Retaining membership requires 50 hours of community service a year, but there are ample opportunities to acquire them. The unit donates annually to the 2000 Turkeys campaign, works with the Canonsburg Food Bank and participates in parades, gravesite services and other local endeavors.

Discipline and preparation are at the foundation of the Young Marines.

“We tell kids they have to have a Plan A and a Plan B,” Don said.

Avoiding drugs, at a time when the nation is experiencing an opioid epidemic, is a message that Washington unit leaders strive to reinforce.

“Our objective is to keep them drug-free and off the streets,” Joyce said. “We do 12 programs a year on drugs.”

Don and his Marine experiences, most assuredly, are at the root of the Baileys’ involvement with the Young Marines.

“I had no ties at all to the Marines until we met,” Joyce said.

“I trained her well,” Don countered, with a smile.

Don, the son of a coal miner from Westland, graduated from old Hickory High School in 1957 and followed an older brother, Richard, a Korean War veteran, into the Marines. After nearly a quarter-century, combined, in the corps and reserves, Don retired in 1979, then sold vehicles at South Hills Chrysler for many years. He has had two heart attacks – with no heart damage – and bypass surgery, yet gets around well.

Don Bailey with Young Marine Charles Downing

Celeste Van Kirk/Observer-Reporter

Don Bailey straightens the collar of Charles Downing, a member of the Washington County Young Marines.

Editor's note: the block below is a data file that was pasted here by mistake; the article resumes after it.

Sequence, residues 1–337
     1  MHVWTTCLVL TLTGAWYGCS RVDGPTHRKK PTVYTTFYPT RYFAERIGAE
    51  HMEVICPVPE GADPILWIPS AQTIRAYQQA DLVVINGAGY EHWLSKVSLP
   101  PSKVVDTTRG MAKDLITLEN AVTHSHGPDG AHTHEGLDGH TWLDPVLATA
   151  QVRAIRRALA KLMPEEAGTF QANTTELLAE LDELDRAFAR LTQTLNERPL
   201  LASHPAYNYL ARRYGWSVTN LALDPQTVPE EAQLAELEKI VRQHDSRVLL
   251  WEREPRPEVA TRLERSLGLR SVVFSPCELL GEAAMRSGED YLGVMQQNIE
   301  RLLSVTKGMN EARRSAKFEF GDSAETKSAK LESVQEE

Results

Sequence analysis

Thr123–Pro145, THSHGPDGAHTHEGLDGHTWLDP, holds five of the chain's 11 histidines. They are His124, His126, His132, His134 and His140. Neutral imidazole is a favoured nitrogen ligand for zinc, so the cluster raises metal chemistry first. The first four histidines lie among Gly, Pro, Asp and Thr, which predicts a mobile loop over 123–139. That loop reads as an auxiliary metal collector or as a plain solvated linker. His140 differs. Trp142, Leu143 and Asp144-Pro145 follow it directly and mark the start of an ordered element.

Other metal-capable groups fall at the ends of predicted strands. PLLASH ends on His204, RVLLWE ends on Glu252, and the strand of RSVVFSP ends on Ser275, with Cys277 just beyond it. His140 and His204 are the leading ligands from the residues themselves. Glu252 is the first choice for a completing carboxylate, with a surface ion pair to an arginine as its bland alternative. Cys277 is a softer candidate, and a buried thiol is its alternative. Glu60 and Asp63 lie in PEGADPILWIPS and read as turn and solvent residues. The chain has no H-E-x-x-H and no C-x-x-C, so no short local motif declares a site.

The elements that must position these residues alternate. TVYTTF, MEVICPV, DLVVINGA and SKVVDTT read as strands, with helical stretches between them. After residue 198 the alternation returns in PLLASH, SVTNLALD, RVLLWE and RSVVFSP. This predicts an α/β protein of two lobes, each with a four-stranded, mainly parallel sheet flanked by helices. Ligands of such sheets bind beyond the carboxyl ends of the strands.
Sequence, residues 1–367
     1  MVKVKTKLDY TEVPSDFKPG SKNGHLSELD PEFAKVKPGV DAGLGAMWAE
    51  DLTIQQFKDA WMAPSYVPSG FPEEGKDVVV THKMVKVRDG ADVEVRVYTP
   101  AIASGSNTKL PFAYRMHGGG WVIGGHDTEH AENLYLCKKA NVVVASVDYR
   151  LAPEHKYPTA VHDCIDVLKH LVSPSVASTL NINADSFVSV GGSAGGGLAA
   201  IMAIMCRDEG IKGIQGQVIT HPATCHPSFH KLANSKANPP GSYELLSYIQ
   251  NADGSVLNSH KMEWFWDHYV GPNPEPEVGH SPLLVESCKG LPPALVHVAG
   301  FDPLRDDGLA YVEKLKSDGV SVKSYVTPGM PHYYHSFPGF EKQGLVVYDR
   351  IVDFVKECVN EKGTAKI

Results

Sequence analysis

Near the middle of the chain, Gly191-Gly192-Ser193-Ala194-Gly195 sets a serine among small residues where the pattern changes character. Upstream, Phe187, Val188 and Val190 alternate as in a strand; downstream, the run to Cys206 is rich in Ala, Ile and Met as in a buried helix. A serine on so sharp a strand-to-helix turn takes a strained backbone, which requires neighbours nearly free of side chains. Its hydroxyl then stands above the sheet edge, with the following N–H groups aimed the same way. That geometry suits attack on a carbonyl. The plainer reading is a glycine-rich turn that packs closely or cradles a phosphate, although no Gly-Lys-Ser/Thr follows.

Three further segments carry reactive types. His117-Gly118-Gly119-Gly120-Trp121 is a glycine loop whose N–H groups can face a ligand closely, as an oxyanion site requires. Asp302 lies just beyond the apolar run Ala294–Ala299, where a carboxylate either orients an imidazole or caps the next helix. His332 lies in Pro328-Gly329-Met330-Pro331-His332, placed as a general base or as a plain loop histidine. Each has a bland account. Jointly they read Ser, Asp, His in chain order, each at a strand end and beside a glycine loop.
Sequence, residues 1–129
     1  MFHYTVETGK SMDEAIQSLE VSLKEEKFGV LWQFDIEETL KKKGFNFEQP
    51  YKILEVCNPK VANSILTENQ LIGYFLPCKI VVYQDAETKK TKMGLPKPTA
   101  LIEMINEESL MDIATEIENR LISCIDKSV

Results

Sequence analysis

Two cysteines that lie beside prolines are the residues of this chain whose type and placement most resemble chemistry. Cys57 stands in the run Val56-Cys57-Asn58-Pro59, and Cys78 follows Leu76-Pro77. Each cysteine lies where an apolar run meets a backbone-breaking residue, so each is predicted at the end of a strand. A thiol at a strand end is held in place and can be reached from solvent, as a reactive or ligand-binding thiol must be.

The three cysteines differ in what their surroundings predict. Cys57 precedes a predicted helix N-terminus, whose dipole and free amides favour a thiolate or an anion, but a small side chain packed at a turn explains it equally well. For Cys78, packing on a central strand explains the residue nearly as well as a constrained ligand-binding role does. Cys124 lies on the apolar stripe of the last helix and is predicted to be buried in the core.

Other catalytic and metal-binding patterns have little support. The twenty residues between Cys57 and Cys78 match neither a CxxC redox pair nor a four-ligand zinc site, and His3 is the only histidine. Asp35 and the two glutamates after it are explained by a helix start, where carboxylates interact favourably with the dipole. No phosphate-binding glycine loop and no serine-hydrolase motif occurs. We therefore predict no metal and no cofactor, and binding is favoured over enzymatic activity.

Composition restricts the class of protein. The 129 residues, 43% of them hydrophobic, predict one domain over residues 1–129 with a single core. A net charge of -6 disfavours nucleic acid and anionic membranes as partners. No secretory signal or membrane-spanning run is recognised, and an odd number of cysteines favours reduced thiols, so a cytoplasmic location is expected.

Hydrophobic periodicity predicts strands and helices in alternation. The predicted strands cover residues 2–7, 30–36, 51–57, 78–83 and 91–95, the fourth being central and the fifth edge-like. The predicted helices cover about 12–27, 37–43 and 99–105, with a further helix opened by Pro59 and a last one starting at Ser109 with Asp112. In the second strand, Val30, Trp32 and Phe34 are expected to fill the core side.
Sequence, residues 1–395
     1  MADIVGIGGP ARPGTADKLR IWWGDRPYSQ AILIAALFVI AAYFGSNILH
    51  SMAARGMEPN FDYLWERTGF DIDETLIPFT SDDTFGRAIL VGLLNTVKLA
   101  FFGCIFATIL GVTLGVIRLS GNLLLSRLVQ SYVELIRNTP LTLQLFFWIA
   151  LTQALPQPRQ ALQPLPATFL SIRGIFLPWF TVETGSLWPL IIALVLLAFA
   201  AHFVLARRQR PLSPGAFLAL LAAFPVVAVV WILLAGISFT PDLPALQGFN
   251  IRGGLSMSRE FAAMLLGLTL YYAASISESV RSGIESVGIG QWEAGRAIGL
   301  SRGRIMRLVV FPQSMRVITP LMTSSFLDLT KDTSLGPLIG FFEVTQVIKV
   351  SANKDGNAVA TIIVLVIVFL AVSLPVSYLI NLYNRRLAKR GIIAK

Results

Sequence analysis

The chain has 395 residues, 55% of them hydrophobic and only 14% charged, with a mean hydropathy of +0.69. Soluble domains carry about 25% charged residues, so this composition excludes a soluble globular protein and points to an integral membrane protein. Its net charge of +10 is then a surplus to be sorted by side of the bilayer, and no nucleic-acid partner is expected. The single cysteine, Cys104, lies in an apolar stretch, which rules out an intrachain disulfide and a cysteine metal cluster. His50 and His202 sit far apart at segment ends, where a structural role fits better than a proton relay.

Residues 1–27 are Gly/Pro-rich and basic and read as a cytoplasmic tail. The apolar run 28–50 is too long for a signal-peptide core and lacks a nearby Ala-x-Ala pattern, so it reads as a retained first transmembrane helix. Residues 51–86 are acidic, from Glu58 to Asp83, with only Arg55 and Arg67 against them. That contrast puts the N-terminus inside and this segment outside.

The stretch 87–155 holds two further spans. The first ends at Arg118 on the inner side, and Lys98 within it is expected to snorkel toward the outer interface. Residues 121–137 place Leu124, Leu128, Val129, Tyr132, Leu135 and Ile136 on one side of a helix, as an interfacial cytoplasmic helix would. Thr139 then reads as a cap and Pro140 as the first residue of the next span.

He will be 80 this year. His brothers, Robert and Richard, are 86 and 84 respectively.

Joyce, 69, a Peters Township alumna, was a full-time nanny for 48 years. She and Don have been married for 48 years and have one child, Jodi Lynn Bailey of Knoxville, Tenn.

Husband and wife were heartily endorsed by several Young Marines parents, who nominated them for the award.

“The Baileys planned and took our young adults to Parris Island (S.C.) so they can learn firsthand what Marine recruit training is all about,” Dawn Baker wrote. “We are forever grateful for the sacrifice they have given to not only our country, but to our children.”

Miranda Chapman wrote that “my son has flourished in the organization and has gained a self-confidence and will to succeed that I attribute to the Baileys.”

Leanora Cypher said she and her spouse have dealt with significant health issues, “but the Baileys ... have been there for every question or motivational concern Caleb has encountered that (we) are not able to answer. In my opinion, they are living angels ...”

And extraordinary people.

Editor’s note: As part of the ExtraORdinary People award, Don and Joyce Bailey will be given $500, underwritten by the Observer-Reporter and Range Resources, to donate to the charity of their choice. They have chosen the Marine Corps League of Pennsylvania Foundation.

ExtraORdinary People

Business Writer

Rick Shrum joined the Observer-Reporter as a reporter in 2012, after serving as a section editor, sports reporter and copy editor at the Pittsburgh Post-Gazette. Rick has won eight individual writing awards, including two Golden Quills.